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King City seeks public input for town center redesign

There will be several opportunities to participate in May


by: BARBARA SHERMAN - POPULAR PLACE - The post office inside McCann's is one of the most popular places in the King City Plaza, and its helpful and friendly postal workers include Nancy Norton (left) and Alice McNeill."Charrette" is the new buzzword in King City, and on April 16 city officials got a taste of what they will hear from the public when they host several charrettes or intensive planning sessions in May.

The charrettes are part of phase two of a project called the "King City Town Center Plan and Implementation Strategy" that is looking at how the city's business district might accommodate a greater range of uses and activities, be more pedestrian-friendly and provide better transit access.

The King City City Council and Planning Commission held a joint meeting April 16 when Keith Liden, the city's planning consultant, outlined the project and took questions, some of which had nothing to do with the King City business district.

"When this was developed in the mid-1960s, this was the only game in town," Liden said. "There were no Albertson's and other businesses."

But now there is a wide range of nearby businesses tempting King City residents right across 99W, but those can be difficult to reach.

"It's hard to get to the businesses on the other side of 99W," a man said. "Is there a chance of getting an underpass or overpass?" (Probably not due to the high cost.)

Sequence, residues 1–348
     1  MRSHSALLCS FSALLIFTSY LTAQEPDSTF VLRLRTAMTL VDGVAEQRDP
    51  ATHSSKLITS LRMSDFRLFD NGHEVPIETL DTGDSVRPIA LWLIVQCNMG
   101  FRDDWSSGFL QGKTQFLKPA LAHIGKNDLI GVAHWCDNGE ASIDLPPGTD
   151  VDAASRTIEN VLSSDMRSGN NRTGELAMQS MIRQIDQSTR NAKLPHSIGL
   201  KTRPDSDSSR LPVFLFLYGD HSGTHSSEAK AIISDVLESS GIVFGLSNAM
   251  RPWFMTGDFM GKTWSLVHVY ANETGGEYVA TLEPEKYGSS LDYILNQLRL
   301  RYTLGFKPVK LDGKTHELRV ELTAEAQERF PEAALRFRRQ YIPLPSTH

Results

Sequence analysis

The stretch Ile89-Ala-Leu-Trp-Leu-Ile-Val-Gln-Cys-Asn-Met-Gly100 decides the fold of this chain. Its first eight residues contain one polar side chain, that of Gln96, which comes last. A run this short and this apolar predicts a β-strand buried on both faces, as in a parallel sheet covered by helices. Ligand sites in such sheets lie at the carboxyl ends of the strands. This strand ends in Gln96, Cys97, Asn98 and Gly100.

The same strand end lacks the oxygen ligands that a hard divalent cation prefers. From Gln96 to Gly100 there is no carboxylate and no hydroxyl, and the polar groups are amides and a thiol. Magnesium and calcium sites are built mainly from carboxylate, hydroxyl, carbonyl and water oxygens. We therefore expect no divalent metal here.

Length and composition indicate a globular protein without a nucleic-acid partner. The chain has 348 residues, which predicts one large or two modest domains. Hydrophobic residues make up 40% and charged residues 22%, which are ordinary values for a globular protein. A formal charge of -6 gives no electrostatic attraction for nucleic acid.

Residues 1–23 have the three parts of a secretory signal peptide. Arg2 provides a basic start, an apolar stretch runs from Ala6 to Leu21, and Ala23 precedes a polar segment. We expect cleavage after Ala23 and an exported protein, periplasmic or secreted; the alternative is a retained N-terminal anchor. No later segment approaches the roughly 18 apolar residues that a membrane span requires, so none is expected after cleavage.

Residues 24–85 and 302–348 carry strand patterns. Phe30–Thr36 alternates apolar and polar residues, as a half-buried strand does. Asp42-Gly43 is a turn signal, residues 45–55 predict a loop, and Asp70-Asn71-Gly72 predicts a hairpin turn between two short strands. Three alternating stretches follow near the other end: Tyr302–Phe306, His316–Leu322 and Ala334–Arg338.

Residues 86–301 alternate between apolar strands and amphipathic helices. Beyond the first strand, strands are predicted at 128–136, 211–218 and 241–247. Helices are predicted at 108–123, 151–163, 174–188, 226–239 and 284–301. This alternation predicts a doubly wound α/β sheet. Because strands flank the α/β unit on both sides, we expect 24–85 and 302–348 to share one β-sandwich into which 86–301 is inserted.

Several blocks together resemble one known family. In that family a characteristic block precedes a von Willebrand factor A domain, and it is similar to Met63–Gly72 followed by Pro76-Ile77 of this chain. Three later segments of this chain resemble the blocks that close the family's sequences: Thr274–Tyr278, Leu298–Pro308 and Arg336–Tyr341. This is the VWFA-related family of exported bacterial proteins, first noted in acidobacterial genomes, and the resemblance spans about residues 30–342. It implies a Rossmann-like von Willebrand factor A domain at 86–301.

Liden pointed out that there are only four crosswalks across 99W between Beef Bend Road and Fischer Road, making them few and far between, but a woman said, "I think one really good crosswalk would be better than several."

Several people complained that the timing on the crosswalks is too short, but Liden pointed out that at 42 seconds, they are on the long side.

Would residences be added to town center?

"I don't think we'd introduce residences, but they could be located nearby," Liden said. "The current code doesn't allow residences in town center."

Another man said, "I came to this city because I like the way it is. I live at the back of town center, and I don't want it any bigger."

Later on, a woman complained about people smoking outside certain businesses in the King City Plaza, especially those close to the dance studio "where little girls go in and out," and added, "I don't see why they can't smoke out back."

To which the man replied, "Because I live out back!"

A woman asked, "Is a transit center coming here?" And after Liden replied no, she said, "I think that's why Metro is putting money in here," referring to the $75,000 grant from Metro that is funding the planning project.

In the meantime, a woman said, "There is nowhere to leave your car if you want to take the bus into Portland. You need to designate some long-term parking, but then the businesses would lose parking spaces."

Liden pointed out that upgrading the town center "keeps it a viable asset for the future" and that changes could be incremental.

A man said he would like the businesses to be more accessible without having to use a car and didn't want to see half the town center "bulldozed."

A woman said, "I think we need to be really positive. After I came here in '96, the grocery store closed, and then Grocery Outlet came in. It doesn't offer as many regular things, but you can find what you need. I've seen lots of 'outside' people coming into Grocery Outlet, but you've got to change the parking situation or we're going to have a real mess."